What if it does all go to hell? Do I really care? It will surely not happen in my natural lifetime. What if the planet does become sterile? Science says life, even intelligent life, must exist elsewhere in the universe. So why do I care?
The universe is a really big. Or so, at least, we are told. By science, of course. When did we elevate science to a religion?
I don’t know the answer to that one. But I do think it obviously is. I remember this being a heated, running, debate on the very young internet back in the early nineties, I think it was. Yes, it was in 1993 that I took sabbatical in Guelph, Canada, and first discovered the internet. Did it really begin so recently? The answer to that I know. It is “yes.” When I first got on the web, there was no web. The web refers to the world wide web, or w.w.w., which no one knew anything about yet. We communicated via something whose name I now forget. It was VI, I think, for visual interface, or something like that. At the very best, it was cumbersome.
There were several bulletin boards I frequented in those days. Those were places on the internet where people could write about a topic and frequently get response from true experts in the subject. One of these boards had a thread entitled “Is science a religion?” It was a hotly debated subject. Even then I thought the answer obviously “yes,” but the debate was so heated one could clearly see the subject would probably last for generations. I assume it is still going on today.
At any rate, science, in this case, is being treated very much like a religion. You either believe in it, or you don’t.
Staying on the topic of whether I really care, though, and, if so, why? My relationship with my own three grandchildren is broken. It fell victim to a dispute between my son, Josh, and I of unknown origin. That I don’t know the origin of the dispute, clearly can’t say much good about me. But I don’t. Anyway, the relationship with the grandchildren is broken.
All I know is that everything seemed OK until Josh and his wife attacked me rather viciously on a visit to them on my way to Europe in 200 or 2001. I was as flabbergasted then as I am today. M.S. became an issue in my going to L.A., where they have lived for many years, and visiting became more difficult when they no longer welcomed me as as an in-home guest. I stopped traveling down to visit them shortly thereafter. At any rate, the grandchildren are now in their late teens and I haven’t seen them for at least twelve years. I doubt they have much of a memory of me. Every birthday I send a birthday gift, but I hardly exist to them anymore.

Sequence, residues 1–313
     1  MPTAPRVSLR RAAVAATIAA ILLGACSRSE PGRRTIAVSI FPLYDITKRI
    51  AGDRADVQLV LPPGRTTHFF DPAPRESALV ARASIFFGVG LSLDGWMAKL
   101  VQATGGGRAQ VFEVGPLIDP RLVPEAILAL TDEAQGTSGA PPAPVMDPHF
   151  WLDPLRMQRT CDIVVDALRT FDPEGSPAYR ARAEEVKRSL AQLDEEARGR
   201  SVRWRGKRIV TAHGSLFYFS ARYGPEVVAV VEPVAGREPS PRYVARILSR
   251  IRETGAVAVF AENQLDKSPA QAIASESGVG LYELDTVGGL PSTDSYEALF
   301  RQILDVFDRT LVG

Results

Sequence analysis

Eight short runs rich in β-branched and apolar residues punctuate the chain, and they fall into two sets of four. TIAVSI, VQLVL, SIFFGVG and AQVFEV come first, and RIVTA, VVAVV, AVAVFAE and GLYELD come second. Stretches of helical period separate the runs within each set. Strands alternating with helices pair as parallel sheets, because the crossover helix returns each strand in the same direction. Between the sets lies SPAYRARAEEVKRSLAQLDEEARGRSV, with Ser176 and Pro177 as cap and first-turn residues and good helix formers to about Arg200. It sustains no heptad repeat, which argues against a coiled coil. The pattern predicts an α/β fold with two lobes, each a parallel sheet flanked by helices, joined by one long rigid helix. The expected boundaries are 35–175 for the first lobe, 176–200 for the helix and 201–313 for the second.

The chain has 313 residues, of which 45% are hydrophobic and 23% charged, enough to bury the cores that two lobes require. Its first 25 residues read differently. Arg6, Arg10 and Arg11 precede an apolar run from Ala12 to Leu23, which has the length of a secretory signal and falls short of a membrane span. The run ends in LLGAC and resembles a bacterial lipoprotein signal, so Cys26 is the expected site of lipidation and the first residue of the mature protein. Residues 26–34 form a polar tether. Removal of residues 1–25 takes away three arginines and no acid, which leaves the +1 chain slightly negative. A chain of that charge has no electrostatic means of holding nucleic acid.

Bottom line is that I hardly know them and vice versa.
So do I have any right to care if my grandchildren are toast?
Perhaps the real question is less personal. What do I care if the planet goes sterile? The trees just seem totally blameless. If anything they’ve been doing their best to make things better. But climate change, should it run its full potential, could care less. Sterility means they will die too. Yes, this is much more important than anything we have ever encountered.
I think I care because so few seem to recognize how serious this is. Even if my fears are fears mostly of the worst case possible, the worst case is totally possible. Therefore the threat is the most important thing we have ever dealt with. As our climate denier President likes to say, “trust me.” I am a scientist and I know enough to say we have to start regarding this with due diligence. This is not something to be ignored.
What if I have no solution, or if the solution(s) I offer are inadequate, naive, or impractical? Well, I am not the only one who must come forward with ideas. Nor am I the smartest person to make suggestions. Everyone who addresses this problem is obligated to share their ideas. Even if the idea is not clearly worked out. Mostly we need to hear from the experts. Mars is a long way off. It is not at all Earth-like. To say it is the most Earth-like of the solar system’s planets, which it is, is not to say much.
Terraforming Mars will not be easy. There are scientists who devote their lives to the topic of how we might do exactly that. The most widely quoted current estimate of the time required to do it is three hundred years. Physicists everywhere were embarrassed when Steven Hawkins, himself a famous physicist, once publicly predicted it would only take about forty years. I’m no expert, but even I know that is simply ridiculous. The entire planet, which is about one-half the diameter of Earth, has to be made Earth-like. The ambient temperature would have to be raised some fifteen degrees Fahrenheit. At least. The atmosphere has to be thickened. By some hundred times, I think. The planet probably needs a magnetosphere. No one really knows how they would manufacture one. To do without it doesn’t seem possible. Many of the techniques needed to meet the demands of terraforming are totally untried or even beyond speculation.
All that seems agreed to so far is that the job will be very hard.
If we were to begin serious efforts to prepare a place to go to today, should this planet no longer be hospitable to life, it would take about three hundred years. And we couldn’t all go. But suppose we don’t have three hundred years to get ready. Suppose Earth becomes uninhabitable before that. Will we be able to move to a spaceship? Who goes? Who decides? How is the decision made? None of this sounds like a solution to me. This is a very bad situation. Excursions like electing Donald Trump President of the United States are not helpful.
Hoping Scientists are full of shit will not find solutions. Climate change is not going away just because we wish it is not happening. Worrying about the economy is very short-sighted. The economy is nothing compared to uninhabitability. This is more important than anything we have ever confronted before.